Chapters within this title include: 'Between Secrets ans Simulations: Women Writers in La Novela de Noche' by Carmen M. Pujante Segura and 'Celebrity, Sex, and Mass Readership: The Case of Álvaro Rentana' by Noël Valis.

 

 

 

Read more Posted by Becky at 09:44 (0) comments
CFP: Drama Therapy Review 4.1

 

 

DTR Call for Papers Special Issue 4.1: Drama Therapy with Couples and Families


Submission deadline: August 1st, 2017.


Guest Editor: Dr. Dan Wiener

 

This Special Issue of Drama Therapy Review seeks articles about specific applications of drama therapy to promote the wellness of couples and families. Such applications include: prevention and enrichment programs; relationship enhancement; psychoeducation; diversion and prevention programs; conjoint psychotherapy; and the training of practitioners.  Also sought are papers informed by dramatic and theatrical praxis that present novel methodologies and conceptual perspectives in the study and treatment of family relationships. DTR readers particularly welcome papers which link theory and practice, and such papers are often enhanced by case material. 


DTR welcomes contributions from a wide range of scholarly work including, but not limited to:

quantitative studies

qualitative analysis

practice and arts-based research

Reviews

Reports

Interviews

Commentaries


The editorial board assesses articles for the quality of scholarly and critical content. The principal language is English; however, the journal will consider articles in other languages for which reviewers can be accessed, with abstracts in English. Editorial assistance may be given to those whose work is worthy of inclusion, but for whom the language of the article is not their first, or for whom the written word is not their forte. There is an explicit policy of making the articles stylistically accessible and readable to the range of readership.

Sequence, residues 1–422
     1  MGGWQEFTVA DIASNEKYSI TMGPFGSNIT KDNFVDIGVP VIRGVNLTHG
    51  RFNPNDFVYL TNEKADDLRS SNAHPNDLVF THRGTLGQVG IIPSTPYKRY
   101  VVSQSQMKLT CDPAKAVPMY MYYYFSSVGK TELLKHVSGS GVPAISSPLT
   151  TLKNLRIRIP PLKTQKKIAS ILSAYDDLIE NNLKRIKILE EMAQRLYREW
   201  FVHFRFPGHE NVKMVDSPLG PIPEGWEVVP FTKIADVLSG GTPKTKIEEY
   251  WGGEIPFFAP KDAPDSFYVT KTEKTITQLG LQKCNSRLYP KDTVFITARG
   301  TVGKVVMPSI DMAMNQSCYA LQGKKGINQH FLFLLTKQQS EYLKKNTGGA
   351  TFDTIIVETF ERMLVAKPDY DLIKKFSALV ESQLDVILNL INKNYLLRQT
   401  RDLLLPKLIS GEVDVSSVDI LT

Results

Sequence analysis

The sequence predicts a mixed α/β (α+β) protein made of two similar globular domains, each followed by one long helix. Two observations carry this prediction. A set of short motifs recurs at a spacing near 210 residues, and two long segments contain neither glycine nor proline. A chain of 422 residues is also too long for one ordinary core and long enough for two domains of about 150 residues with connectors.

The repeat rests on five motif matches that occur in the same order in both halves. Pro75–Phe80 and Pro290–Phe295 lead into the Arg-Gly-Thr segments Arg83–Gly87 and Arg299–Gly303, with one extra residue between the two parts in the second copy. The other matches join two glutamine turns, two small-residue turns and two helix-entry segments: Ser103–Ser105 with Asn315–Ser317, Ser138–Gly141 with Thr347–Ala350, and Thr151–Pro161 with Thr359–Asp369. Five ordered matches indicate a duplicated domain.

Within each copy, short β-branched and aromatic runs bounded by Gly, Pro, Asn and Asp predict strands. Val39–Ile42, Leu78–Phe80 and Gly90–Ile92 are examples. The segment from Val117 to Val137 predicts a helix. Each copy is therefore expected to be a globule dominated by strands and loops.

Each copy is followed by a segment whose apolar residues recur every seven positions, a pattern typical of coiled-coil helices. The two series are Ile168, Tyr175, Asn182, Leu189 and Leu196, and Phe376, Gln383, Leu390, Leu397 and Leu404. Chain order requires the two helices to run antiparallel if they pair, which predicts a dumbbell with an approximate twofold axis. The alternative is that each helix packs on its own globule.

To submit work for consideration please download our submission guidelines and email dtr@intellectbooks.com


For more information on this journal please go here.

 

Read more Posted by Becky at 10:37 (0) comments
CFP: Drama Therapy Review 3.2

DTR Call for Papers Issue 3.2

Submission deadline: February 1st, 2017.

Drama Therapy Review seeks articles that reflect the journal’s intention to document and disseminate drama therapy research, promote scholarship about drama therapy theory and practice, encourage inner and inter disciplinary dialogue, and provide a forum for lively debate in the field. DTR profiles and critically reflects upon current and emerging practices involving the intentional and therapeutic uses of dramatic improvisation and performance in clinical, educational, community, organizational, and research contexts.

Questions to consider:

What are the health benefits and risks of dramatic reality?

How does working with imagination, fiction, and metaphor differ from direct enactment?

What are the goals of drama therapy and who establishes these?

How do drama therapists understand and assess health, illness, and change?

When, where and for whom is drama therapy indicated?

What are the dominant narratives that inform our practice, pedagogy,and approaches to research?